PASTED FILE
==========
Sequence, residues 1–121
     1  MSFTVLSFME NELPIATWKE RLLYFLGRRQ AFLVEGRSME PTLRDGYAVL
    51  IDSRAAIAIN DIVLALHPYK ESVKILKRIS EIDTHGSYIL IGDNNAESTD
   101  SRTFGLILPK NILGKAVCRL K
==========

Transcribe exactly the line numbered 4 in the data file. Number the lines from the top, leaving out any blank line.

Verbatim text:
   101  SRTFGLILPK NILGKAVCRL K